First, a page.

54.Mr Nixon specifically asked that I investigate whether the Council held any further recorded information about his job allocation in respect of request 2. He stated that he would be surprised if such an important process as the WPB Review were not documented.

55.The Council's response involved the application of sections 25 and 27. Mr Nixon's second request was on 5 March 2007. This was subsequent to his first request ? through which he received documentation both generic and specific to him (that of 20 February 2007). Mr Nixon's second request seems to me to be seeking information held by the Council relating to the allocators ? any instructions to them on what should be done if further checking is required and also if there is any further information held by the Council about any further checking of Mr Nixon's role.

56.On both points the Council stated that it held no information, other than that already provided.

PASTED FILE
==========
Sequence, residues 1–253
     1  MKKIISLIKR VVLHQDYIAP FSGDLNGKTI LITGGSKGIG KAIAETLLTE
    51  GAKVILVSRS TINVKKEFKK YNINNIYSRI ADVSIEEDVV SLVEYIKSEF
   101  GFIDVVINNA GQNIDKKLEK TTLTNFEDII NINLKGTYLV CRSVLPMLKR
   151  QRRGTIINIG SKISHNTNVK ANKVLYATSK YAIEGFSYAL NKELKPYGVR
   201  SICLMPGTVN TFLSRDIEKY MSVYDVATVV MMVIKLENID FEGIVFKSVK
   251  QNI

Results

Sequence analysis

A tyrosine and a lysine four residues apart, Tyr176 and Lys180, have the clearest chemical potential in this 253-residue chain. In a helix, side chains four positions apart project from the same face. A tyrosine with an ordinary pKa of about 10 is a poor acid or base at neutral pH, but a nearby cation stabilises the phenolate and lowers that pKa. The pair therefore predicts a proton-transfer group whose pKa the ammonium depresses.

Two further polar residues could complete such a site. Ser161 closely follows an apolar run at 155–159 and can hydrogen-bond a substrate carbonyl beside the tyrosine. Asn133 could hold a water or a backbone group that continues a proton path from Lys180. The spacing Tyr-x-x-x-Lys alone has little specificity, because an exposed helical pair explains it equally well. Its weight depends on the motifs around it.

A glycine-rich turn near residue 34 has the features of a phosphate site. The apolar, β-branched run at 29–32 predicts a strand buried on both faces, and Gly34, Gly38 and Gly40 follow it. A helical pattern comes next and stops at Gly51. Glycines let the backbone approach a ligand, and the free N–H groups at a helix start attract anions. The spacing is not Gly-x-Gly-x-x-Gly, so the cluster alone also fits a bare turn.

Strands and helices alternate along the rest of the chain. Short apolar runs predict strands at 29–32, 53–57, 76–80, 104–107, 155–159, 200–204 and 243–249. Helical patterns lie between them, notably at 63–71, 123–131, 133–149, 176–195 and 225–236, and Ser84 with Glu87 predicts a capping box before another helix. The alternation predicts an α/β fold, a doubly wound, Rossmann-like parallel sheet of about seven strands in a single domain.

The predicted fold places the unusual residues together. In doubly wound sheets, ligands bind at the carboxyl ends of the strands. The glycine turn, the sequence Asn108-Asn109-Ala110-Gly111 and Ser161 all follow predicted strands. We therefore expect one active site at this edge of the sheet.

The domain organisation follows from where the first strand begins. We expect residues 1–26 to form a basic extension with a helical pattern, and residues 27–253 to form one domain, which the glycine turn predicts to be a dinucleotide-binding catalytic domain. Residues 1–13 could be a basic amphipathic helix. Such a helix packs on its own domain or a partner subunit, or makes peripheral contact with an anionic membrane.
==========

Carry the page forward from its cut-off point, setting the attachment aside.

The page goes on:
57.During the investigation a member of the Council's Human Resources Department explained what had been involved in the WPB Review process generally and also in respect of the Department within which Mr Nixon's post fell. It was explained that the actual allocation involved three senior members of the Council staff with expert knowledge of the allocation process and the job position. These staff used the allocators' toolkit and the guidance, both already supplied to Mr Nixon, to allocate jobs. It was explained that the allocation did not involve recording of notes or decisions, but rather a step-by-step working through the relevant guidance with the application of the knowledge of the allocators on what the position involved.

58.In the event of any difficulties, the allocators would consider what was involved in the position and, if necessary, ask another member of staff with more detailed knowledge of the post to attend in order to assist the allocation. The process was described by the Council as being "discursive" and involving the meeting of personnel and the using of the toolkit with matrices. It was for this reason that no notes were taken when there was further consideration; only the final allocation was noted.